I just want to know that the kids are learning and wondering and discovering and thinking of news ways to learn and to wonder and to discover with their learning. Product is an end. Learning isn’t finite.

At some point, Miranda and I asked ourselves why we didn’t try teaching collaboratively last year. We could have chunked inquiry units into three hour blocks – she’s Math and Science in the time table, and I’ve ELA. The kids could have transitioned between us, deciding where they wanted to be. Deciding just as they do most mornings. They do this anyway. This is why Miranda and I check in; some kids work best with me, others with her. It’s just the way.

Then we began to go back to the inquiry unit from the morning. We began to invision our kids living that inquiry process in our school space, in our common classroom spaces. We kept talking about kids. And then I said, “What if we had done this with the 9s & 10s too? What is it about inquiry that really pushes us? Challenges?”

We’d possibly need time for the division mandated initiatives. Between us, we’d need time for assessment. Easy. We could send a message to the other person to arrange a time to keep a specific group(s) of kids in a space for specific work. We could work in teams with sets of kids. If I or the kids need or want whole group read alouds, for example, we can just set that up. Be flexible. We just kept thinking it could not be more planning than what we did last year.

So why didn’t we change our instruction with the high school kids towards using a team interdisciplinary inquiry model?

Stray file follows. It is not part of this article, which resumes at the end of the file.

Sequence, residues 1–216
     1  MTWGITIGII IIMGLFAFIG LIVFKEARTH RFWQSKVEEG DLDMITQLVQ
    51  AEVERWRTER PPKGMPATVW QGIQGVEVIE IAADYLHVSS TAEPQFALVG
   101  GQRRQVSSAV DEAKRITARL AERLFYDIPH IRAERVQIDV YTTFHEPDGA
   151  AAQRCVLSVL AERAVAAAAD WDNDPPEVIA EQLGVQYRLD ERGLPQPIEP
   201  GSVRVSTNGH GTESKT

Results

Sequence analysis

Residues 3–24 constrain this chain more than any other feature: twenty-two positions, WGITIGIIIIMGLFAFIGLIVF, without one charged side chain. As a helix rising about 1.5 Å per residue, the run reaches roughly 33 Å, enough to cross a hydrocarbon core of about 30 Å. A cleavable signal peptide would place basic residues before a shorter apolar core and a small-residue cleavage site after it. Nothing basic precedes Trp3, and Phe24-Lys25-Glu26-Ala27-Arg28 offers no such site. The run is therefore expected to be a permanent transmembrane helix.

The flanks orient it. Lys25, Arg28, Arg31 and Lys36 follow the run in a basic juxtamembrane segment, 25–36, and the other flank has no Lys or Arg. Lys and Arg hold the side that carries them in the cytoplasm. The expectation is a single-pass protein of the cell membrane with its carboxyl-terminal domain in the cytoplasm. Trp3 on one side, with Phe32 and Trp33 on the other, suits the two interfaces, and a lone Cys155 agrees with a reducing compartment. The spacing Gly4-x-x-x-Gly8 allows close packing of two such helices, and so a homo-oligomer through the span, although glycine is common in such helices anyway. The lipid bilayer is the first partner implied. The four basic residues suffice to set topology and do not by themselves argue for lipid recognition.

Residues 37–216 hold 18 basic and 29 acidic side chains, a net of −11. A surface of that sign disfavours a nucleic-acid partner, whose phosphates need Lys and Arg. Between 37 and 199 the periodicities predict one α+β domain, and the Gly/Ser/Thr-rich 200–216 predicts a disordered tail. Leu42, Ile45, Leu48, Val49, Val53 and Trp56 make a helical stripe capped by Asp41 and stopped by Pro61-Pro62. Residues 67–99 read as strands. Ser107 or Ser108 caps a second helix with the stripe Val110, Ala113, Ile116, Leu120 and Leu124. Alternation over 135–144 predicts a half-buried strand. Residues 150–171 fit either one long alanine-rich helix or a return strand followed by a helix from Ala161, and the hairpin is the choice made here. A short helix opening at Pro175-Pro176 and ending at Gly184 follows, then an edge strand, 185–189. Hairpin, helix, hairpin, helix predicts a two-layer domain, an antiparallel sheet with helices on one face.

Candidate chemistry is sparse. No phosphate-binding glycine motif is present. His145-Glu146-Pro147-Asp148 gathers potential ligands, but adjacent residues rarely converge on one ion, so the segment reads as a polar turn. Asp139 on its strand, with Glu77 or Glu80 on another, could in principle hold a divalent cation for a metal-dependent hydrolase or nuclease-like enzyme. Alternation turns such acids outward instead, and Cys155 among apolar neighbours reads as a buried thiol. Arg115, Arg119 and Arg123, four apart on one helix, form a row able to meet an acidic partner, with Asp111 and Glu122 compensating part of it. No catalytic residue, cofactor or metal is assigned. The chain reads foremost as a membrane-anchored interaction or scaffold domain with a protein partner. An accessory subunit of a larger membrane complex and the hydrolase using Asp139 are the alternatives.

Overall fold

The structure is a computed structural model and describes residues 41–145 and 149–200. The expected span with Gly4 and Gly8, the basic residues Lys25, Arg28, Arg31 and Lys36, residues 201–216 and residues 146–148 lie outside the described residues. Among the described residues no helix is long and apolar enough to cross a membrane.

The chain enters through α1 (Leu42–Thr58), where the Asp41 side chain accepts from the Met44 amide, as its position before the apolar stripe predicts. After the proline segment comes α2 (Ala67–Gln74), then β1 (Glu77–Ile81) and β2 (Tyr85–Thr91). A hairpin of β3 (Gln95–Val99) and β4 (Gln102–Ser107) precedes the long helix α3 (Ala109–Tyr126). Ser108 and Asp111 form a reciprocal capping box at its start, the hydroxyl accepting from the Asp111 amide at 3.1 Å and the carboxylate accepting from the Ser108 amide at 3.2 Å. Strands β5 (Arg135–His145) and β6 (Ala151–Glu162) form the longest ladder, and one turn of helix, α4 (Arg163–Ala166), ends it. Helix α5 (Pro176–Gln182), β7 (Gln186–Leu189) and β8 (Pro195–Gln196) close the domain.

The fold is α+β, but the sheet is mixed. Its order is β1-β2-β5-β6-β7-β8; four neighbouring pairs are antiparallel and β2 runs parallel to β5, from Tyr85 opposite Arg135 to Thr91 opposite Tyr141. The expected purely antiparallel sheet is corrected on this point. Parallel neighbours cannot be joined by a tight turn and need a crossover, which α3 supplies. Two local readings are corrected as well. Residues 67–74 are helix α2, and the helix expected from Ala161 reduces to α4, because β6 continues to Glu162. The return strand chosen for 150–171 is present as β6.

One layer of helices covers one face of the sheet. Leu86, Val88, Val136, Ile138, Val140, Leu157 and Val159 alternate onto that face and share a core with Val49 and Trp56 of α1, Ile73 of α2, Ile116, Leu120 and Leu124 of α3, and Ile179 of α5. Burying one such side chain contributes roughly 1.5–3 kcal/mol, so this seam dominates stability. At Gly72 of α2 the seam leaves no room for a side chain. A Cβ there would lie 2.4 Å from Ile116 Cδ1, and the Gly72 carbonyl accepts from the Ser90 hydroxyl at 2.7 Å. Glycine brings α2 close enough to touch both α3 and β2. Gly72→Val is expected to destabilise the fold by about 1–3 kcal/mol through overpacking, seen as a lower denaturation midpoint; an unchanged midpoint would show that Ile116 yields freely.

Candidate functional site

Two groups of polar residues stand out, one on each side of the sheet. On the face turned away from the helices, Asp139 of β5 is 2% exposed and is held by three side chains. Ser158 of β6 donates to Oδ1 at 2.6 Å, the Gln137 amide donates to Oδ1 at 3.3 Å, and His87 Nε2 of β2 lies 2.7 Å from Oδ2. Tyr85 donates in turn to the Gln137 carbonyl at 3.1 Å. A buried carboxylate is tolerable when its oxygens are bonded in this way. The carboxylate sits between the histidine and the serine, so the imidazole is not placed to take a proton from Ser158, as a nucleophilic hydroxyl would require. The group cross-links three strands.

Miranda admitted she had been worried about the departmental exams, about covering content. Won’t it be nice to be able to discover the content in a meaningful way, in ways that fit the needs of our kids because that horrid unrelated assessment won’t be looming at the end? Is it possible not to teach, in some way, to that kind of assessment? (If you missed my sarcasm that was redundant)

I didn’t approach Miranda because I was busy, ‘in closed-door-mode’ with a mammoth near yearlong inquiry project with the 6, 7 & 8 students. And I was busy with grad classes too.

We both agreed. The reason we didn’t change, we just didn’t think to ask.

#imagine

In many of our undergrad courses, we would take three months to plan units that never saw the light of day in our living learning spaces. Today, sitting in circle, in 40 minutes, the four of us as learners, storied our ways of knowing into a beautiful interdisciplinary discovery unit.

Much has changed.

And we need to be reminded to keep it simple.

We need to remember that we are good educators. We need to remember we are busy educators.

So what now?

I can’t go back to my former school. And I like my new school. Change is difficult. I need to begin with big ideas. I need to sit down with my new colleagues and say, “I have this idea. I’d like to try to team teach using an inquiry based learning.”

I don’t know where we are going. I don’t know how we’ll assess it. But I trust my staff and my administrators.

I trust the process. I trust it will be messy and take time.

I trust that we’ll figure it out.

~

Miranda looked at me, ‘Do you think the new teacher will want to team teach?”

What a great question!

#smile